Nepali Times
Life Times
Seeing beyond the obvious


MAKING MEMORIES: Mukunda Bahadur Shrestha in an undated photo.
Mukunda Bahadur Shrestha, a photographer barely known to the public today, spent the 1970s and 80s travelling across Nepal, photographing its mountains, cultures, and people images that introduced the country to the world. An exhibition at Siddhartha Gallery from 10-20 August allows exciting insights into the sources of visual heritage contained in his archive.

Shrestha's travels took him to the Himalayan mountains, festivals and places of cultural and historical importance. The images were part of his professional career, but the real treasures in his photographic archive can be found elsewhere: Shrestha also photographed for himself and his family, developing further his unique and very personal style of portraying people and capturing situations of everyday life and ritual.

In these works his true mastery of the medium becomes obvious, reaching beyond the habitual skills of a craftsman, Shrestha extensively experimented with the aesthetic quality of images, trying out different perspectives and composition techniques as well as formats. He was always in search for a photograph that captured the personality of a person or the emotional and aesthetic quality of a certain scene in the best possible way.

When the Nepal Picture Library team visited Shrestha's home for the first time, out of his closets and from under his bed came countless boxes and bags full of negatives and slides he had collected over the years, none of which had ever been seen in public. In the year following the discovery, more than 11,000 slides and negatives from his collection were digitised in archival quality using the latest Hasselblad scanning equipment.

Looking through Shrestha's photographs and collection, the importance of archiving projects becomes obvious- especially in the context of the rapidly changing cultures of Nepal. The vast transformative process the country has been going through in the last decades also had its aesthetic implications. The visual appearance of everyday life has changed dramatically and irrevocably. The aesthetic outlook of profane and religious life of the Nepali people has changed parallel to the upheavals of the political system. Even though Nepali culture has constantly evolved and changed in the past, the aesthetic transformations have speeded up to an extent that was unknown in the past.

In the aftermath of the 1959 Tibetan uprisings in Lhasa, large numbers of Tibetan refugees crossed the border into Nepal. But not everyone fled the Chinese invasion. Numbering over 6000, the Khampas, often known as the last Tibetan warriors, were strongly built, long-haired men who travelled around on horsebacks and interacted little with the locals.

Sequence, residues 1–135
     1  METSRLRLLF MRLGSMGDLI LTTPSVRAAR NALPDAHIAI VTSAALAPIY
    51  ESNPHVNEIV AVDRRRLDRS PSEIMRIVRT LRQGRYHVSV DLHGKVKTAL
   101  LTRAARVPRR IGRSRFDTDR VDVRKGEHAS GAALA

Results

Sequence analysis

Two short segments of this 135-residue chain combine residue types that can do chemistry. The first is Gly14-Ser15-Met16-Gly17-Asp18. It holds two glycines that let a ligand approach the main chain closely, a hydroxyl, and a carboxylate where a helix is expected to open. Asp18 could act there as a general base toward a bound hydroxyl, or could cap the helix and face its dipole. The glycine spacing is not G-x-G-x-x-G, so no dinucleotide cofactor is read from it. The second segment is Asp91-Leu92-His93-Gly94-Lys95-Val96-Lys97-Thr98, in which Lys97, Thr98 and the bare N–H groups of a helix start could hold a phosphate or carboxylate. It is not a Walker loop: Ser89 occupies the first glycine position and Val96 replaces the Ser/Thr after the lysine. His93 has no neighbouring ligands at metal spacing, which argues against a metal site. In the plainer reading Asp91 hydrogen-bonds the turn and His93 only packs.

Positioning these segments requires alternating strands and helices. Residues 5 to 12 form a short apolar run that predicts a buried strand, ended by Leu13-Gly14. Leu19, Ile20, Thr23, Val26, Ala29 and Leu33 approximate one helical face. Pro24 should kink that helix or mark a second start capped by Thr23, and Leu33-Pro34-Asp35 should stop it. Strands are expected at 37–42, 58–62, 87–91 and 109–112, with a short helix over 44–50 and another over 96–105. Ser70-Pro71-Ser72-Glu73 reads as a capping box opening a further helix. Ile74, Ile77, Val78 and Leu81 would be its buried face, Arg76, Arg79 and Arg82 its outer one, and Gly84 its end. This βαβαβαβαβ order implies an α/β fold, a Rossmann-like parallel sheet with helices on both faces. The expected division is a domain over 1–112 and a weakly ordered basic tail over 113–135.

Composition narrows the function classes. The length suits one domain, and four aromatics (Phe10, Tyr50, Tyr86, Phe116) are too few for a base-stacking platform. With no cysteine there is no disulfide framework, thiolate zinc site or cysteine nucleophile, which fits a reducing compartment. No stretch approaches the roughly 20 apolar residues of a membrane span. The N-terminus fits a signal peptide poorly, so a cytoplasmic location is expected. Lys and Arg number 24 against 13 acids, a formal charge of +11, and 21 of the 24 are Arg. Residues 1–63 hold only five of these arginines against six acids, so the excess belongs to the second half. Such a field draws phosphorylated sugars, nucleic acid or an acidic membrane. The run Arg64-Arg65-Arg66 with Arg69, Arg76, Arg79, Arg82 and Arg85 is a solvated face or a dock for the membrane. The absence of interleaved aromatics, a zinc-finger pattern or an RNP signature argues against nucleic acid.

Today, a long time after his photographs were taken, Shrestha's oeuvre has grown in importance, reaching far beyond its mere aesthetic qualities. Many of the photographs he took over the years are of great value for historians and people interested in the anthropology of Nepal. A journey through the historic imagery allows the viewer a glimpse into the past and the photographs bear the power to revoke the cultural transformations brought about in the past decades for a few moments. In future, scholars wishing to work on the cultural systems of vanished cultures will have to rely heavily on archives and historical collections.

Taken about 40 years ago, this set of photos depicts the bathing of the Machhindranath chariot. The ceremony takes place at Chobhar, where the Bagmati flows out of the Kathmandu Valley

It is projects like Nepal Picture Library that preserve visual heritage by treating and rescuing images as primary sources. They might not have been of great relevance at the time when they were created, but today, in a changed cultural context, their contents suddenly become of great importance. Nepal Picture Library not only contributes to the study of Nepali photography, but also generates knowledge and raises questions about how issues of memory, identity, and history can be explored through images.

A huge fish caught in Phewa Lake in Pokhara during a visit by King Mahendra (1968).

Trekking somewhere in the mid-western mountains, Shrestha took this photo of three young girls and a dog

Alban von Stockhausen is a Nepal based anthropologist and photographer who has worked in several international projects on ethnographic images and photographic archives.

Postcards and Beyond
The Mukunda Bahadur Shrestha Photo Collection
11- 20 August
12 noon - 7 pm
Siddhartha Art Gallery
Baber Mahal Revisited

1. S Karki
saw the photos on print and had to come online to comment. although print media might be dying a slow death, it is still the best way to publish photos. the ones put up on the internet does not do justice to Shrestha's superb work. Also i agree a lot with what the writer says about photographs being like history books which give us a glimpse into Nepal's identity from 40 years go. kudos to the team! keep up the good work. 

2. ananta karki
In 4th and 5th picture, as far as i know this is not a Machhindranath chariot,. it is Adinath idol, looks similar with red machhindeanath. this is done on the occasion of Chaitre Dashain at Bagmati-Nakhhu confluence.

Nice to see these old rare pictures...

(11 JAN 2013 - 17 JAN 2013)